What is Intervertebral Disc Degeneration, and What Causes It?

Michael A. Adams, PhD; Peter J. Roughley, PhD


Spine. 2006;31(18):2151-2161. 

In This Article

Disc Metabolism

Cells in the anulus are elongated parallel to the collagen fibers, rather like fibroblasts. Cells in the nucleus are initially notochordal but are gradually replaced during childhood by rounded cells resembling the chondrocytes of articular cartilage. Anulus cells synthesize mostly collagen type I in response to deformation, whereas nucleus cells respond to hydrostatic pressure by synthesizing mostly proteoglycans and fine collagen type II fibrils. Cell density declines during growth,[7] and in the adult is extremely low, especially in the nucleus. Disc cell biology has been reviewed recently.[8,9]

In adult discs, blood vessels are normally restricted to the outmost layers of the anulus. Metabolite transport is by diffusion, which is important for small molecules, and by bulk fluid flow, which is important for large molecules.[8,10] Transport routes are shown in Figure 4. Low oxygen tension in the center of a disc leads to anaerobic metabolism, resulting in a high concentration of lactic acid and low pH.[8] In vitro experiments show that a chronic lack of oxygen causes nucleus cells to become quiescent, whereas a chronic lack of glucose can kill them.[12] Deficiencies in metabolite transport appear to limit both the density and metabolic activity of disc cells.[8] As a result, discs have only a limited ability to recover from any metabolic or mechanical injury. Endplate permeability and, therefore, disc metabolite transport normally decrease during growth and aging, and yet increase in the presence of disc degeneration and following endplate damage.[13] This is one essential difference between aging and degeneration.

Organization of the vertebral endplate. The vertebral endplate consists of hyaline cartilage weakly bonded to the perforated cortical bone of the vertebral body, and collagen fibers of the anulus and nucleus. Arrows indicate routes for nutrient transport from surrounding blood vessels into the central regions of the disc. Adapted from J Orthop Res 1993;11:747-57.[11]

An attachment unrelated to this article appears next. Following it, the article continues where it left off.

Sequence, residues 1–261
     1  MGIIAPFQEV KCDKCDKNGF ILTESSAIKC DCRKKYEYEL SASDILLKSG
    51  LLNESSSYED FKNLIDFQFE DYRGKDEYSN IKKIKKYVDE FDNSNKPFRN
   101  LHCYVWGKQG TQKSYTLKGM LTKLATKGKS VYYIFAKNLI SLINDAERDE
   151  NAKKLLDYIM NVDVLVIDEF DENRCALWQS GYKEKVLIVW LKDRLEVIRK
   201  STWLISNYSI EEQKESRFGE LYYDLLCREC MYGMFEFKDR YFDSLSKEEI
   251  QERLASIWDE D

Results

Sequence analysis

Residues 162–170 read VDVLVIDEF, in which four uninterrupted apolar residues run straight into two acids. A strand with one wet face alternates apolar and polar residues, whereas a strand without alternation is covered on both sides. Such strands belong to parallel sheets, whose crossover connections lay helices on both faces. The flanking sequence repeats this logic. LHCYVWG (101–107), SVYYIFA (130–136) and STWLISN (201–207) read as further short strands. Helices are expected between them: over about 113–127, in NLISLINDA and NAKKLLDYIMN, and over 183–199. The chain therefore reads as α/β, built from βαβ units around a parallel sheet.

Disc cells synthesize their matrix and break down existing matrix by producing and activating degradative enzymes, including matrix metalloproteinases (MMPs) and a disintegrin and metalloproteinase (ADAMS).[14,15,16,17,18,19,20] Molecular markers of matrix turnover are naturally most plentiful during growth but usually decline thereafter.[21] The major structural changes to the disc occur during fetal and juvenile growth, when the nucleus changes in consistency from a translucent fluid to a soft amorphous tissue,[22] caused mainly by an increase in collagen content. The proteoglycan content of the disc is maximal in the young adult and declines thereafter,[21] presumably because of proteolysis. Disc cells appear to adapt the properties of their matrix to suit prevailing mechanical demands, although the low cell density and lack of a blood supply ensure that changes are not as rapid or pronounced as in adjacent vertebrae.[23] Adaptive remodeling probably contributes to the large variation in compressive strength of adult discs, which ranges from 2.8 to 13.0 kN when they are tested in a manner that causes failure in the disc rather than the adjacent vertebra.[24]

Injured discs show increased levels of catabolic cytokines, increased MMP activity,[21,25] and scar formation,[26] especially in the vicinity of anular tears.[26,27] They also show evidence of renewed matrix turnover[21,28] and a more variable range of collagen fibril diameters.[29] However, gross injuries to a disc never fully heal. Scalpel cuts in the outer anulus fill with granulation tissue, with only the outer few millimeters being bridged by scar tissue.[30,31] Anular tears are not remodeled as in bone, presumably because the sparse cell population is unable to break down the large collagen fiber bundles of the anulus and replace them with new.[32] Collagen turnover time in articular cartilage is approximately 100 years[33] and could be even longer in the disc. Proteoglycan turnover is faster, possibly 20 years,[32] and some regeneration of nucleus pulposus is possible in young animals.[34] Injuries that affect the inner anulus or endplate decompress the nucleus,[35] and healing processes are then overtaken by severe degenerative changes.[31]


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